Vatican investigates journalists over alleged leaks

Authors of books on Pope Francis and Holy See reform charged over stolen documents

Avarizia (Greed) and Via Crucis (Stations of the Resurrection), by Emiliano Fittipaldi and Gianluigi Nuzzi respectively, both reproduce confidential financial documents allegedly stolen from the Vatican. Photograph: Ciro Fusco/EPA

Two investigative journalists behind controversial books about the Vatican are under investigation by the Vatican City state judiciary on charges related to trafficking stolen documents, the Holy See said on Thursday.

Gianluigi Nuzzi and Emiliano Fittipaldi are the authors of two books published last week that claim that elements within the Roman Curia are opposed to Pope Francis's reform process and that senior figures in the Catholic Church do not always live a modest lifestyle.

Last Monday, four days before both books were released, the Holy See was rocked by the arrests of both Spanish monsignor Lucio Ángel Vallejo Balda and of lay person Francesca Chaouqui, who were charged with "the removal and dissemination" of confidential financial documents.

The monsignor and Ms Chaouqui are both close to the influential Opus Dei movement, and had served together on Cosea, a commission established by Pope Francis in July 2013 to rationalise the "economic-administrative" structure of the Holy See.


Given that many of the documents reproduced by both books come from the workings of the Cosea commission, it has been alleged that the monsignor and Ms Chaouqui were responsible for passing the documents to the two authors.

Msgr Balda is still under Vatican arrest. Ms Chaouqui was released after questioning.

Confirming the investigations into the two journalists, the Holy See's senior spokesman Fr Federico Lombardi also indicated that the inquiry into the leaks may be extended to other office holders in the Holy See.

Fr Lombardi said, “The Vatican gendarmerie, in its capacity as the judicial police force, had [already] reported to the Vatican magistrate [with regard to] the operations of the two journalists, Nuzzi and Fittipaldi, and their possible participation in the crime of dissemination of news and confidential documents.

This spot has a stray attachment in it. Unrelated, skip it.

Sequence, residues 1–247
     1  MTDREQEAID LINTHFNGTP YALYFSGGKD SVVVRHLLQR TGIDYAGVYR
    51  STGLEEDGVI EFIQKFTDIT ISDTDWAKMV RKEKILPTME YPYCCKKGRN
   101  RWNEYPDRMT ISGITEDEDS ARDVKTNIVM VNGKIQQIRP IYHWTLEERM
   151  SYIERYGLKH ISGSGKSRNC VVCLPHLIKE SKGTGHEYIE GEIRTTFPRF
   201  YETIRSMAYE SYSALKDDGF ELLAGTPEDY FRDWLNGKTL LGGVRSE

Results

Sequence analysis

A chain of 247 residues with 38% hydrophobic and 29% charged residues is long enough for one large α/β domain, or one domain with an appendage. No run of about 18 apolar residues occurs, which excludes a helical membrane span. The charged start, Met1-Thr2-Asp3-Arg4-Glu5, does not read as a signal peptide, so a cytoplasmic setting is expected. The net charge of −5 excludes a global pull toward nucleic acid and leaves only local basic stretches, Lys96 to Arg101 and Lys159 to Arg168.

“During the current investigation, the magistrature has acquired evidence indicating involvement in this offence by the two journalists who, accordingly, are now under investigation.

“Not only the two authors but also other persons, who for reasons associated with their office co-operated in the acquisition of the confidential documents in question, are now under investigation.”

Mr Fittipaldi reacted to news to the investigation with a tweet, saying: “I am a journalist. When a journalist comes across a news story, he cannot not publish it . . . ”

‘Powerful institution’

He told Rome daily

Il Fatto Quotidiano

that he was not surprised by this latest development, saying, “I expected it . . . when you tell uncomfortable truths about a powerful institution, in this case about the temporal power of the church, then you have got to expect a reaction . . . ”

What remains unclear is how far the Vatican authorities will push their investigation in relation to the two authors who are Italian – not Vatican – citizens and therefore outside Vatican jurisdiction.

Many Vatican insiders believe that it is highly unlikely that the Holy See would request the extradition of both men to face any charges brought against them.

Rather, the revelation that both are under Vatican investigation is seen as a demonstrative gesture, perhaps intended to discourage others from pursuing the same investigative journalism path.

Other commentators argue that this latest development in the Vatileaks Two affair will do the church no favours since international media will interpret it as a clampdown on press freedom.

Mr Fittipaldi made this point today when he pointed out that, unlike Italy which has a press freedom clause in its constitution, the Holy See does not protect the right "to inform and to be informed".